So these are just some highlights from Season 2.  Believe me, there is soooo much more going on—from multi-episode story archs to one-off missions that Elizabeth and Philip must complete.  And yes, it does become a little difficult to keep straight.  It’s all very intelligent, though, and with the help of a little Wikipedia or IMDB back-up, you should be able to get through the season and make sense of it all.

With so much of the plot from Season 2 of The Americans sailing right over my head, I found myself clinging to the characters and their transformations.  Paige becomes very interesting this season, as she’s truly hit those difficult teenage years.  She begins to act out against her parents and grows suspicious of them.  She goes back and forth between hating them both equally, and turning on just her mother or father.  She seems to hit Elizabeth particularly hard by embracing religion for the first time.  As can be assumed, the cold and stoic Elizabeth does not believe in organized religion, or God at all for that matter.  She seems to embrace the notion of creating your own destiny in this life, which makes perfect sense considering her background.  Philip is a little bit more forgiving of Paige’s ambitions, as he’s just relieved that she’s not acting out against them, but he becomes extremely bothered by her lying and snooping around.  I’m interested in seeing what they do with Paige’s character next season.  With the next generation spy program in place, it’s clearly evident that Paige will soon find out the truth about her parents, and I’d like to see how she reacts.

So much of Season 2 revolved around Elizabeth, Philip, and Paige, and their characters grew and transformed in profound ways.  But there was also a large focus on Nina.  I know Stan is part of the equation as well, but I think that the story was more about Nina, her true allegiances (which were never clear), and how she would navigate being a target of scrutiny.  Stan just slowly fell apart over the course of Season 2’s 13 episodes, before proving himself stronger than we would have imagined by the end.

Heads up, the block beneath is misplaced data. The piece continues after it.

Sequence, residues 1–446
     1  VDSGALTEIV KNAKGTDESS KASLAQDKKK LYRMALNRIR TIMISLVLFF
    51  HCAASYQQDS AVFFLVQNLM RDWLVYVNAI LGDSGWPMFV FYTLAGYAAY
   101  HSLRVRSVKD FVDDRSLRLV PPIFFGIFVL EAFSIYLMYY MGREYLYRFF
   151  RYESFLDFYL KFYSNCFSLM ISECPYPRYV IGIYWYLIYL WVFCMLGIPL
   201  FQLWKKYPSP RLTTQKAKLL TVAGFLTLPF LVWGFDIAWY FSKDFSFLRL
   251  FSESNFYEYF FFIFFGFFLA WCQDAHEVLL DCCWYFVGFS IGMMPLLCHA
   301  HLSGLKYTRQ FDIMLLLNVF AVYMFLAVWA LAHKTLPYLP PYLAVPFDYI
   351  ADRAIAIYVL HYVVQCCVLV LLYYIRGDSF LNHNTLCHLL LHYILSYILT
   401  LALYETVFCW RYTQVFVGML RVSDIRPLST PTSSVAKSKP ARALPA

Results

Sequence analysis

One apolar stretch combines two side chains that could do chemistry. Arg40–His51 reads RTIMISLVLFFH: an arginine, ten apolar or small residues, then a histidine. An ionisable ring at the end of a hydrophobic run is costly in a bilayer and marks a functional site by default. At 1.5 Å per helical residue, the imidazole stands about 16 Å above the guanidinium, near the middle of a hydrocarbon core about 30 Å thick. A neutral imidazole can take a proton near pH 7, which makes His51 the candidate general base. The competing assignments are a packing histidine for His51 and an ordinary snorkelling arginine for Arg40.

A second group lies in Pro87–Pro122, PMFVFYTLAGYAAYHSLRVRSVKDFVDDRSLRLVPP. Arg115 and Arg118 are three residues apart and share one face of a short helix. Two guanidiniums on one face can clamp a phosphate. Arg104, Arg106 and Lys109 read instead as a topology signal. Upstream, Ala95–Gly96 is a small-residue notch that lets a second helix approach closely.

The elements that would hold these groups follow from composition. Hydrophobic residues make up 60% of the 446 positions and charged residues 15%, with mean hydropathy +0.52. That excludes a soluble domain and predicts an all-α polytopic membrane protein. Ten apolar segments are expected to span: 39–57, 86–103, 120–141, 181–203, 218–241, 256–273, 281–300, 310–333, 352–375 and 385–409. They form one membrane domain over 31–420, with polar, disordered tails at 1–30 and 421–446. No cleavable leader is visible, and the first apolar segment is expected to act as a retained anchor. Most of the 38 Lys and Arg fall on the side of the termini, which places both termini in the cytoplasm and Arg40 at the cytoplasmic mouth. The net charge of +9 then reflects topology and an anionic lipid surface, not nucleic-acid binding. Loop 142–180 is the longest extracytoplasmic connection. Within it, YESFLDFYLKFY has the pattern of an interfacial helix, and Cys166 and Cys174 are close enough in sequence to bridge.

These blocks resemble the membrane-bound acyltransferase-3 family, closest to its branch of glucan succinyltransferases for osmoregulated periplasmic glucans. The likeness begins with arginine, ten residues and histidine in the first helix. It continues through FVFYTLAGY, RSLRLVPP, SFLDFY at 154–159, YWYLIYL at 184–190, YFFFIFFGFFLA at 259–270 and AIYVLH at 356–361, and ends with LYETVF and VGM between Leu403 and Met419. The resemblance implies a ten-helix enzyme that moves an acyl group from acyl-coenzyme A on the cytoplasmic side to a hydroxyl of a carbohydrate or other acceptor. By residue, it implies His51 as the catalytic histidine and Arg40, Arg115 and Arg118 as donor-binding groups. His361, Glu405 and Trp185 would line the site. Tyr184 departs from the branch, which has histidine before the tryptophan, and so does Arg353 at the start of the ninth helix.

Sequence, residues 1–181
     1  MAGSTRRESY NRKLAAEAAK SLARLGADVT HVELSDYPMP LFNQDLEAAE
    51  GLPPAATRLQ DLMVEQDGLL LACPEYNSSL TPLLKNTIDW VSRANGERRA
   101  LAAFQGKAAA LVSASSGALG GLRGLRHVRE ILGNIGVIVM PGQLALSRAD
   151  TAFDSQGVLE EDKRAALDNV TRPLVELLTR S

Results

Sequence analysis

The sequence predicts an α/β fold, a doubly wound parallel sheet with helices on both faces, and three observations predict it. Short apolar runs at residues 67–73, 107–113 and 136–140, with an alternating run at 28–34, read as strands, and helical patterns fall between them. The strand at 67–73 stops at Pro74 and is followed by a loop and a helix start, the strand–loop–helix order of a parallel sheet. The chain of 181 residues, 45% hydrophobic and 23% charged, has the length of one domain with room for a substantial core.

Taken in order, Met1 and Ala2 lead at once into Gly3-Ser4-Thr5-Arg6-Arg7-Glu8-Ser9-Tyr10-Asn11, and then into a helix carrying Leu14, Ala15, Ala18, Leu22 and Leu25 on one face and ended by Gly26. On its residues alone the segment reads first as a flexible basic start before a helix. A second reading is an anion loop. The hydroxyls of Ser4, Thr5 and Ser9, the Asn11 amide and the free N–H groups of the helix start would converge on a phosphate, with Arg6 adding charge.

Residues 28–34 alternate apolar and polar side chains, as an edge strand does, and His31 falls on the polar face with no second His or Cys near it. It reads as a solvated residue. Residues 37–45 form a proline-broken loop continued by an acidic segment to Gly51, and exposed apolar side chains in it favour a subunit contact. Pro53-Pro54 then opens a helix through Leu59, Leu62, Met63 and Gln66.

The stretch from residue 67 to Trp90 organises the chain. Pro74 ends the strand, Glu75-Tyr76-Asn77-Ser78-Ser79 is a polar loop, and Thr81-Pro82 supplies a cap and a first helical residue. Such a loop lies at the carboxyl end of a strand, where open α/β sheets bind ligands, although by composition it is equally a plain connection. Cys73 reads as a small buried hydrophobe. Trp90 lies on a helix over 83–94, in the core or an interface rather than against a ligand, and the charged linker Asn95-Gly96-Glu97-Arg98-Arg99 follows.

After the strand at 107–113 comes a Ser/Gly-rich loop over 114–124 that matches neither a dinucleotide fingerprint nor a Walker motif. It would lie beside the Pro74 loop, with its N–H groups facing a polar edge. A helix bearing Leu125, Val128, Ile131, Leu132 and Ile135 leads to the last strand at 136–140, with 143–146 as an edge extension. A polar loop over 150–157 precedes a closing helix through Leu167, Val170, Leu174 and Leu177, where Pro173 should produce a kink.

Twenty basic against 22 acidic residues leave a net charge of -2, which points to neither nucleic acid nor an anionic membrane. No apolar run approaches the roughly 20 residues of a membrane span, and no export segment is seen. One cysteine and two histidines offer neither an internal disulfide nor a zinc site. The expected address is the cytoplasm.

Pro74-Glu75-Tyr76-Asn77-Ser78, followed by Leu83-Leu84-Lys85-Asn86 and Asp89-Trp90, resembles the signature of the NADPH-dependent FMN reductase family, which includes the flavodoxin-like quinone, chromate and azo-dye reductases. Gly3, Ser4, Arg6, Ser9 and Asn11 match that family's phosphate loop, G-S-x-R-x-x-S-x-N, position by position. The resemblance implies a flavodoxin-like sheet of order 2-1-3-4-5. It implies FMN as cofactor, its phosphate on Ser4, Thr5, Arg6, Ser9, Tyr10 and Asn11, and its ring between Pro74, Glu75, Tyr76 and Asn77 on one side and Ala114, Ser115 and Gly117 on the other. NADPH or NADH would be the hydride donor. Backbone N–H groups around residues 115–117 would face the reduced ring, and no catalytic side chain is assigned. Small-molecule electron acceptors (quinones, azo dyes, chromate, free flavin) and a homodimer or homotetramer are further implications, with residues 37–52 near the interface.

With such fascinating characters, stellar acting is a necessity to make The Americans work, and once again we were fortunate to have that in spades.  In fact, I cannot think of a single actor or actress who was subpar.  Keri Russell and Matthew Rhys were both very good as Elizabeth and Philip, and Holly Taylor put in a strong performance as Paige.  Annet Mahendru was also quite good as the sulky Nina, constantly stretched to her limits.  And Noah Emmerich was solid as Stan.  I was even pleased by the supporting cast—from the KGB side of things on down to Alison Wright as the extremely used, but also oblivious Martha Hanson. 

Never boring, The Americans twists and turns with intrigue and high-stakes action.  There are plenty of high-quality fight scenes, and the subject matter and portrayal of the era seem authentic.  I could not anticipate where they would go with Season 2 of the show, and that makes me even more eager to dive into Season 3 next winter.  The Americans remains another strong cable-TV drama program.

Thumbs up.

The Americans: Season 2

What he said:

The Americans: Season 2

Man, if you think you’ve got it rough, try being one of the characters on FX’s hit TV show, The Americans. These people have complicated lives.